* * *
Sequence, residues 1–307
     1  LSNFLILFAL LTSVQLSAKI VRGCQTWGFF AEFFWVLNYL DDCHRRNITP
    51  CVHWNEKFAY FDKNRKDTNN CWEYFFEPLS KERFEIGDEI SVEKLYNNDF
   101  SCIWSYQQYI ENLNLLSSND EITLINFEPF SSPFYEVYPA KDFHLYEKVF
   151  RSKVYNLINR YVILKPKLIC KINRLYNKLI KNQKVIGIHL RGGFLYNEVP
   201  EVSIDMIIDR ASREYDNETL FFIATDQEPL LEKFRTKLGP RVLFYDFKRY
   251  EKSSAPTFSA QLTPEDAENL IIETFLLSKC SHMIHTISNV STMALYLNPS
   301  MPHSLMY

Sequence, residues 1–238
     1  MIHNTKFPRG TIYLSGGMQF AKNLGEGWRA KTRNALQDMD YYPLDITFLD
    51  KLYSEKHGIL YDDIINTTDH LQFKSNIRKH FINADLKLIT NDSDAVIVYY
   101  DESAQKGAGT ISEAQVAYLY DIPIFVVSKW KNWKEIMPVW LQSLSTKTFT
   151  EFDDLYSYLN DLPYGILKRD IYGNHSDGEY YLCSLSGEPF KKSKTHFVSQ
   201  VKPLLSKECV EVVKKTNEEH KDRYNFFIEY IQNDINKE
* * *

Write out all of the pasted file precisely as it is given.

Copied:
Sequence, residues 1–307
     1  LSNFLILFAL LTSVQLSAKI VRGCQTWGFF AEFFWVLNYL DDCHRRNITP
    51  CVHWNEKFAY FDKNRKDTNN CWEYFFEPLS KERFEIGDEI SVEKLYNNDF
   101  SCIWSYQQYI ENLNLLSSND EITLINFEPF SSPFYEVYPA KDFHLYEKVF
   151  RSKVYNLINR YVILKPKLIC KINRLYNKLI KNQKVIGIHL RGGFLYNEVP
   201  EVSIDMIIDR ASREYDNETL FFIATDQEPL LEKFRTKLGP RVLFYDFKRY
   251  EKSSAPTFSA QLTPEDAENL IIETFLLSKC SHMIHTISNV STMALYLNPS
   301  MPHSLMY

Sequence, residues 1–238
     1  MIHNTKFPRG TIYLSGGMQF AKNLGEGWRA KTRNALQDMD YYPLDITFLD
    51  KLYSEKHGIL YDDIINTTDH LQFKSNIRKH FINADLKLIT NDSDAVIVYY
   101  DESAQKGAGT ISEAQVAYLY DIPIFVVSKW KNWKEIMPVW LQSLSTKTFT
   151  EFDDLYSYLN DLPYGILKRD IYGNHSDGEY YLCSLSGEPF KKSKTHFVSQ
   201  VKPLLSKECV EVVKKTNEEH KDRYNFFIEY IQNDINKE